Moving on to weightier matters, The Visual Linguist has an interesting summary of an article on how kids learn to read manga. The biggest gain in ability seems to occur between kindergarten and fourth grade, which is not too surprising. And this seems like confirming the obvious:
He also did some eye-tracking studies comparing the eye movements of an “expert” versus a “non-frequent” manga reader. The “non-expert” fixated far more on word balloons than images and had higher reading times. On the other hand, the “expert” reader made “fewer useless eye movements” that were smoother, in addition to a higher rate of skipping over more panels and balloons. However, the expert also had higher story comprehension recall than the non-expert, despite reading faster and skipping elements.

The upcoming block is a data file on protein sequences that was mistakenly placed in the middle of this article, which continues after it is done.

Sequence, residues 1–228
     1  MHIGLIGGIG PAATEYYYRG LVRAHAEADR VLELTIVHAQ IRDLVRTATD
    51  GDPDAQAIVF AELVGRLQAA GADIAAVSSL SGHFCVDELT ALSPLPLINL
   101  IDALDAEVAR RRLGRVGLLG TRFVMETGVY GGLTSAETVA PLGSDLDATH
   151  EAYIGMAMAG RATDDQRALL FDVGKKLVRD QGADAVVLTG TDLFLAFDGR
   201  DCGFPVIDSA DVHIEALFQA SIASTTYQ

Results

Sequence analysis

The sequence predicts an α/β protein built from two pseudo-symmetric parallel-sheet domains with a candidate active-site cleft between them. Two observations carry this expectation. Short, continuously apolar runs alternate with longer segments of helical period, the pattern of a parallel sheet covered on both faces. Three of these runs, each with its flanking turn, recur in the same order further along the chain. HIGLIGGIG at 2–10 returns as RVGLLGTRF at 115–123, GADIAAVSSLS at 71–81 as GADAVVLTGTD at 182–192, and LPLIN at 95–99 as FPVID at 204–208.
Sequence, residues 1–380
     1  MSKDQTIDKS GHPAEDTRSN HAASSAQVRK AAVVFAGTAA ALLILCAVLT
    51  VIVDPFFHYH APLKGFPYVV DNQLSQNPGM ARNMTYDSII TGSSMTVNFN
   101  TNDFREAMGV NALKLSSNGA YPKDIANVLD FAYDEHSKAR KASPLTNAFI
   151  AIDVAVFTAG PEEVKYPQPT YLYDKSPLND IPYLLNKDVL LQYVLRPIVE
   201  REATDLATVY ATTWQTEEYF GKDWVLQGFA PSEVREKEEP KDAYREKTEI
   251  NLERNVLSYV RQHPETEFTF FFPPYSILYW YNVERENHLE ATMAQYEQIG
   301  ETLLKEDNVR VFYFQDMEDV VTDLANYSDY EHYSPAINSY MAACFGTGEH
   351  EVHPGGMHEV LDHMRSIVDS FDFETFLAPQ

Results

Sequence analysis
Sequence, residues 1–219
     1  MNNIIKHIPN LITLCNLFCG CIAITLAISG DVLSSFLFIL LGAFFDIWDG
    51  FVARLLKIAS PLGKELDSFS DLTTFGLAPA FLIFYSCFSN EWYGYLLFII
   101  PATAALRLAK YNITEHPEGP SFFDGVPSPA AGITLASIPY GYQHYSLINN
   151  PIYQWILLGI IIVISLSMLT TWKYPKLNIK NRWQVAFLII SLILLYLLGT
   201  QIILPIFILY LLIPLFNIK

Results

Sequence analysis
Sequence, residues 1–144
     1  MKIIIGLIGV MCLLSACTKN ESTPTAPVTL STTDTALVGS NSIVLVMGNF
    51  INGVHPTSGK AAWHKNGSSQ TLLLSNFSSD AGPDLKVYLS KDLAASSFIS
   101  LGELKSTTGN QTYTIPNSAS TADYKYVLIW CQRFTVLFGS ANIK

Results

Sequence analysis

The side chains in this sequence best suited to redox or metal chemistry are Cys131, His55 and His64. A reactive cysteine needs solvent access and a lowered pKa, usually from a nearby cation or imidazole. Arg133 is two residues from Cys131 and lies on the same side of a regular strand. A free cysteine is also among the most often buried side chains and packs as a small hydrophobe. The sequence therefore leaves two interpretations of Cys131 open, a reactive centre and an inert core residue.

See, kids, practice makes perfect! Seriously, it seems like the better manga readers were doing a better job of integrating the text and pictures (that’s my interpretation). That’s different from just reading the text.
Several studies also indicated a higher comprehension for learning from manga than from pure textual “novelized” writing.
In other words, kids get more of the content from a comic than from a block of prose. I would say that depends on your sample—different kids learn different ways—but it’s good to cater to all different learning styles.
This, on the other hand, was a bit unexpected:
One interesting finding showed that frequent reading of manga correlated to achievement in language arts (particularly sentence comprehension) and a liking of social sciences, though “not significantly with liking for art class.”